Pooris / Deep Fried Indian Bread

Most houses celebrate special days in a signature trademark way. Mine is no exception. Festivals, birthdays, poojas and various other special events brings back memories of a lot of noise – decorations – flowers and food! Glorious Food!
I can almost see my mother fry pooris and make gorgeous halwa. And I almost hear her say ‘Kadai shubh mauke pe chadai jaati hai’, an auspicious day calls for putting that oil filled wok on fire.

Kheer Puri chole for Lunch

Kheer Puri chole for Lunch

So, in essence, my most memorable days of celebrating birthdays and festivals included me gorging on deep fried pooris with alu(potato) or chole(chickpeas) and lick bowl full of decadent halwas n kheer. In case you are wondering, I am still battling my baby fat šŸ˜‰

Deep Fried Puffed Flatbread

Deep Fried Puffed Flatbread

But then marriage happened and I got to see his side of conviviality. The festivities were an eye opener. I never imagined things to be so distinctly different in other houses… Naive? Yes.
The celebrations in his house were such a dampner that my over enthusiastic spirit took a blow in the very first instant itself.
His home housed 4 boys. Morbid, serious, sobre and very very health conscious boys. They never fried. Special days were as good as any other day. None of the noise or food or spirit that I grew up with.

Whole wheat Flour - Atta

Whole wheat Flour – Atta

The husband always grumbles when I fry something. Especially Pooris. He dislikes them. It’s oily, Its deep fried, It’s not good for health… the complaints are many.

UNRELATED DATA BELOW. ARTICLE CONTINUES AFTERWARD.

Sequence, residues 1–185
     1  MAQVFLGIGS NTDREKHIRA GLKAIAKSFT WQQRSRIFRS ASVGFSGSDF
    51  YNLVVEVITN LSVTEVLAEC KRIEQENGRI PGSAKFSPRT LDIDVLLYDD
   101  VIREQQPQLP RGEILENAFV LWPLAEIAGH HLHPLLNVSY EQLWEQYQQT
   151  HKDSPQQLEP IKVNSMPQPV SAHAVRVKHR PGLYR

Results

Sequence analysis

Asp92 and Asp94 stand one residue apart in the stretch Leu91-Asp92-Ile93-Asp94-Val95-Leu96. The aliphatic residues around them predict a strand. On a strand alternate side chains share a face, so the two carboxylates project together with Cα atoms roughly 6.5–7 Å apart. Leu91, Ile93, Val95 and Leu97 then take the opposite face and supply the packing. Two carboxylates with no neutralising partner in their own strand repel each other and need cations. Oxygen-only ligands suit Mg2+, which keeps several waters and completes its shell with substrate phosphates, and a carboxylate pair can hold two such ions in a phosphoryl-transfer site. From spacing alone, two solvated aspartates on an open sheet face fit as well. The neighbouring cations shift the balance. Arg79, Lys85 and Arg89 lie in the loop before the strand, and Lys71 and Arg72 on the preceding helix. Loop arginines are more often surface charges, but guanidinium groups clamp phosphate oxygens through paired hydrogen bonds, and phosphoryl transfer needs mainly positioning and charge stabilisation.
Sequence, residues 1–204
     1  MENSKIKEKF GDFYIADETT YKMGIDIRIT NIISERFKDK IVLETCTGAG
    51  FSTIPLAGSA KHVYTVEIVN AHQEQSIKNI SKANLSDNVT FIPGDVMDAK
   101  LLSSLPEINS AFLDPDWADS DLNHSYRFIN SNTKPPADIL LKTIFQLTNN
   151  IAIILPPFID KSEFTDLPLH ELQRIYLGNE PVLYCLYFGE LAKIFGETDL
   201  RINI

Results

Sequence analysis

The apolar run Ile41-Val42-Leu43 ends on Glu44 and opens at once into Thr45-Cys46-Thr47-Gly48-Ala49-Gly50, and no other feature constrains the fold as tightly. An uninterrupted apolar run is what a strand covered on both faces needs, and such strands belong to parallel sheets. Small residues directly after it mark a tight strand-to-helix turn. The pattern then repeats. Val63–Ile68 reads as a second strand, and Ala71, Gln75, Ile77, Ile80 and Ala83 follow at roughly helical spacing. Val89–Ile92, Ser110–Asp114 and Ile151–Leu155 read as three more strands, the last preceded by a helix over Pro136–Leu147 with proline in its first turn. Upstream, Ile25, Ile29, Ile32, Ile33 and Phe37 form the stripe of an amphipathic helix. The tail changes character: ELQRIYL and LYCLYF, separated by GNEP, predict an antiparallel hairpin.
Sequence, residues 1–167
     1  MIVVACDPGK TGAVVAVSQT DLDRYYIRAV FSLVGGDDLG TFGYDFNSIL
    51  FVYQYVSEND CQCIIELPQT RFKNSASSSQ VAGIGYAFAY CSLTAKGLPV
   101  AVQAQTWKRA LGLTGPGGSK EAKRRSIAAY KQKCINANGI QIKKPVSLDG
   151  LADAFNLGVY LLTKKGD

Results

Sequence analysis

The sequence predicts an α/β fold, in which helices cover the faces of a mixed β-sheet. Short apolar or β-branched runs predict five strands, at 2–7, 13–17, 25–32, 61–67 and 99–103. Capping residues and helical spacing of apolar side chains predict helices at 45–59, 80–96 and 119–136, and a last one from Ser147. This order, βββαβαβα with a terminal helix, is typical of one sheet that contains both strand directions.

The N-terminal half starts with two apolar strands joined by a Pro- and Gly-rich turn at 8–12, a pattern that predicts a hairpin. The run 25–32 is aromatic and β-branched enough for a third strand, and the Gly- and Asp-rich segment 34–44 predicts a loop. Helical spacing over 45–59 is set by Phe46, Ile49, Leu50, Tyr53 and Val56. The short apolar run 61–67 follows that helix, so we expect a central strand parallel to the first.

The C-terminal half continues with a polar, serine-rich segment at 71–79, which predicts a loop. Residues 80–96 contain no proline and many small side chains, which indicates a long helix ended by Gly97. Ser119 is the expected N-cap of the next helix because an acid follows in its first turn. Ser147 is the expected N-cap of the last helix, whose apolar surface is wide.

“Its only once in a while” argument has no takers in my little fussy home. Daughter follows father’s footsteps, and declares that she is not too fond of all things ‘deep fried’.
I’d like to believe she is just imitating him, but if only she was like me in some ways. Sigh.

A basket of smiles

A basket of smiles – for me

But dear readers, I do what I have to do. In spite of their protests, I fry. In an effort to make them respect every one’s wishes, likes-dislikes and in some hope of getting them to acquire the taste(Ha! As if its’s beer), pooris are made.
Demanding to like what I like, doesn’t work. Coercion at gun point does. šŸ˜‰ But I take such liberties just once in a blue moon, literally. I can count the number of times I ventured into Poori making in all my 10 years of married life – 10 times. Really.
So, usually-mostly-always I mess the making of these puffed breads.

Channa Masala as accompaniment

Channa Masala as accompaniment

Not this time. I made sure the dough is stiff and firm, the oil hot enough and my rolling skills a little better than before. šŸ™‚

Adding carrom seeds or ajwain to the flour, enhances the flavor and digestive properties of the bread. This dried herb is the show stealer according to me.

Carrom Seeds or Ajwain

Carrom Seeds or Ajwain

Now for the Recipe:


  • 1 cup whole wheat flour or atta
  • salt to taste
  • 1 tsp carrom seeds or ajwain
  • luke warm water, enough to bind.
  • 1 tsp oil, to knead
  • Oil, to deep fry


To the flour, add salt and carrom seeds. Using luke warm water, bind into a stiff firm dough. The dough should be soft enough to roll our without needing to dust it with flour. Using little oil, knead again. Cover and keep aside for 30 minutes.

When ready to fry. Put an oil filled wok on heat. Grab walnut sized portions from the dough. Roll out into small flat rounds, around 2 to 2.5 inch diameter. Care not to make it too thin, else the pooris will not rise and puff.